University of Mississippi School of Journalism and New Media leaders are working to build international relationships by strengthening partnerships with Ethiopia Airlines, meeting with Ethiopian officials, and visiting the University of Namibia.
Four school and university leaders recently traveled to the African countries Ethiopia and Namibia to meet with business and government leaders.
The group included Andrea Hickerson, Ph.D., dean and professor; Marquita Smith, Ed.D., assistant dean for graduate programs and associate professor; Zenebe Beyene, Ph.D., associate professor and coordinator of international programs; and Noel Wilkin, Ph.D., provost and executive vice chancellor for academic affairs.
Beyene said the purpose of the trip was to demonstrate the school’s committed partnership with Ethiopian Airlines and explore other possible collaborations.
“Partnership is like establishing friendship or planting a seed or a tree,” Beyene said. “If you have a very good partnership, it has to be sustained and nurtured with effective communication. And you have to make sure that you are there for a long term, and you are interested in the relationship, not only the business aspect.”
That’s where many institutions fail, he said. They focus exclusively on outcomes.
“Once you establish a strong relationship, like having a strong foundation for a building, you can achieve so many things together,” said Beyene. “Because when you envision a partnership, it’s not only based on your interests and priorities, but it is also based on the interests and priorities of your partners.”
In 2018, a group of University of Mississippi IMC students traveled to Ethiopia, visited the airline facilities, and created a marketing campaign for Ethiopian Airlines.
“The major focus of this partnership was enrolling employees of Ethiopian Airlines into our regular Master of Arts program or the online program,” Beyene said.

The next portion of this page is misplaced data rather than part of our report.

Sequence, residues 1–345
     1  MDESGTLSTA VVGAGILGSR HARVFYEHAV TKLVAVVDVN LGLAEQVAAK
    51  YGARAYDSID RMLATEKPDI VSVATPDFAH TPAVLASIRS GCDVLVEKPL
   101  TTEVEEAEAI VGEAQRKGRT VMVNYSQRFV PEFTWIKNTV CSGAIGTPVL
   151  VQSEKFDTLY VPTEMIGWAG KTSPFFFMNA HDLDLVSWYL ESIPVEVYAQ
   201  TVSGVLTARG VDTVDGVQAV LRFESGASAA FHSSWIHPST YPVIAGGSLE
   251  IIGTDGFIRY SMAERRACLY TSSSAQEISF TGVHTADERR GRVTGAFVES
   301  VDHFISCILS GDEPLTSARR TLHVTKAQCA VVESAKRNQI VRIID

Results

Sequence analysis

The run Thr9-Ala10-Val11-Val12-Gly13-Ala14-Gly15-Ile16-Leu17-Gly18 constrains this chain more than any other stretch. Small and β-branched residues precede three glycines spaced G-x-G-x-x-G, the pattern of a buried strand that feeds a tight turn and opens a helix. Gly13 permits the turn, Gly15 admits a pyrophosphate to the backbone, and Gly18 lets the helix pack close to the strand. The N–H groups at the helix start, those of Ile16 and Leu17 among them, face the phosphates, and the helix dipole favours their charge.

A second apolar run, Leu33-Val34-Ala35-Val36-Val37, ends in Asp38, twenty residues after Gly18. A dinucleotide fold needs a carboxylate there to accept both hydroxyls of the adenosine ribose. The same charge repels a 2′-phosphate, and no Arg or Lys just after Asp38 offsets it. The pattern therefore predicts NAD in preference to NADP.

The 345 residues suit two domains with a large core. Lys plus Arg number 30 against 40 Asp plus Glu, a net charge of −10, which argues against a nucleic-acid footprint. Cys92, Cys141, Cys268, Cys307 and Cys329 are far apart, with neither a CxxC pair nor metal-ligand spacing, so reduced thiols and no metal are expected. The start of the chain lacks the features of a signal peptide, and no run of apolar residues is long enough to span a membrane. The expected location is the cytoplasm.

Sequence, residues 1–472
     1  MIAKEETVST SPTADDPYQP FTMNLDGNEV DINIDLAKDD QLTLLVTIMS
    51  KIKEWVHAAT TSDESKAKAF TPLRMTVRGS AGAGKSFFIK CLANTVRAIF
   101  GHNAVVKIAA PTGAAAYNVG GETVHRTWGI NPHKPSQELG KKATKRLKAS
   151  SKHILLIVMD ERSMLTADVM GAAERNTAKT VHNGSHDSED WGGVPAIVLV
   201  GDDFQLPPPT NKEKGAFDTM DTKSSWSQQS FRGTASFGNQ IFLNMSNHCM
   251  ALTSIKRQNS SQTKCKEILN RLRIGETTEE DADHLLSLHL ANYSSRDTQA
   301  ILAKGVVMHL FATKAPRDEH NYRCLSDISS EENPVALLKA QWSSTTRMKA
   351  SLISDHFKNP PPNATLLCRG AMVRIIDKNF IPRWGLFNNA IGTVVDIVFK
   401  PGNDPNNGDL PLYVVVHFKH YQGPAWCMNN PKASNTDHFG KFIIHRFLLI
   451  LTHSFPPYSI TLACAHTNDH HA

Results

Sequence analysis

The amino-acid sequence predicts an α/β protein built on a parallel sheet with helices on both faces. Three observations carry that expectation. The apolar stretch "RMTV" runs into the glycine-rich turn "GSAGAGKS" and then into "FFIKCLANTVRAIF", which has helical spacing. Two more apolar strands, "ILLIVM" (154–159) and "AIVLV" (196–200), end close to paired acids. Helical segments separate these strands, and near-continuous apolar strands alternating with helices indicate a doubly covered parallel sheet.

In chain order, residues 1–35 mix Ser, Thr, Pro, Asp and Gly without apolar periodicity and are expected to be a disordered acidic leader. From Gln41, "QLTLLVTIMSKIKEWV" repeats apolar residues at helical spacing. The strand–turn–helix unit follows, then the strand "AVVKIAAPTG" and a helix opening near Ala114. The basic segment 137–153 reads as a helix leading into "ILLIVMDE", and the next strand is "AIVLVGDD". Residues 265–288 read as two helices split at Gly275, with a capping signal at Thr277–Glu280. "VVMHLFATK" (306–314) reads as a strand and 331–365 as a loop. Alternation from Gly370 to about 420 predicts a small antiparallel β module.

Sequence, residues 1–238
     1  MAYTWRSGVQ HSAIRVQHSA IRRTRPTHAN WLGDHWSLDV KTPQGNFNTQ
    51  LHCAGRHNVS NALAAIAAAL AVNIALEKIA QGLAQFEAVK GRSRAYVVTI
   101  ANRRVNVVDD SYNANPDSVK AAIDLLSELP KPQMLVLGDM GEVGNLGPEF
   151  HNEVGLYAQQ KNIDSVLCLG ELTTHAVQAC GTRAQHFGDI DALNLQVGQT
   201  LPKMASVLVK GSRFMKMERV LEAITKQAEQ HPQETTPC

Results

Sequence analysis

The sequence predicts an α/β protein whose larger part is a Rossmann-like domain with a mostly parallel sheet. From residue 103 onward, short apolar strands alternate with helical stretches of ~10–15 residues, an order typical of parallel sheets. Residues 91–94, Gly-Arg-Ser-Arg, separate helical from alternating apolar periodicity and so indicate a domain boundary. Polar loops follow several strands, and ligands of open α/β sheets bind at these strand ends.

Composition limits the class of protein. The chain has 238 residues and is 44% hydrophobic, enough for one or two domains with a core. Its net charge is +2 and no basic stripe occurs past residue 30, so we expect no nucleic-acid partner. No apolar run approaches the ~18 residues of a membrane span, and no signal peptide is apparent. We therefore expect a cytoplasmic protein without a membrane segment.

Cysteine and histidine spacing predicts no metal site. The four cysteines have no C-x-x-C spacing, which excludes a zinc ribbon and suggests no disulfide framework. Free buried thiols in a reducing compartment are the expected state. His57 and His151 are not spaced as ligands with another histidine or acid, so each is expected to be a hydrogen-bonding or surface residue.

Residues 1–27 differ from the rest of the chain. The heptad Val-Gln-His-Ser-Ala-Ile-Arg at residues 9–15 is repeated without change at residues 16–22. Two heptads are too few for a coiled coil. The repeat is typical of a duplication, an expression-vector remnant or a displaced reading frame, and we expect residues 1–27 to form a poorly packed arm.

Leaders discovered that Ethiopian Airlines employees were also interested in short-term training.
The UM group also traveled to Namibia, a country in Southern Africa that borders the South Atlantic Ocean between Angola and South Africa, to explore possible collaborations with the country’s leaders and those at the University of Namibia.
Hickerson said one of the trip highlights was touring the Ethiopian Airlines facilities, including its airport and aviation university.
“The logistics of airlines have always impressed me, but here we saw our graduates at work. It was impressive and rewarding,” she said.
“This partnership is just beginning. We have many opportunities for future collaborations with EA, other organizations in Ethiopia, and in Africa more broadly. We are fortunate to have faculty with expertise in the region to facilitate meaningful, long-lasting work.”
While in Africa, school leaders visited the U.S. Embassy in Addis Ababa and held meetings with a U.S. diplomat, the U.S. Agency for International Development, the Centers for Disease Control, and other government agencies in Ethiopia.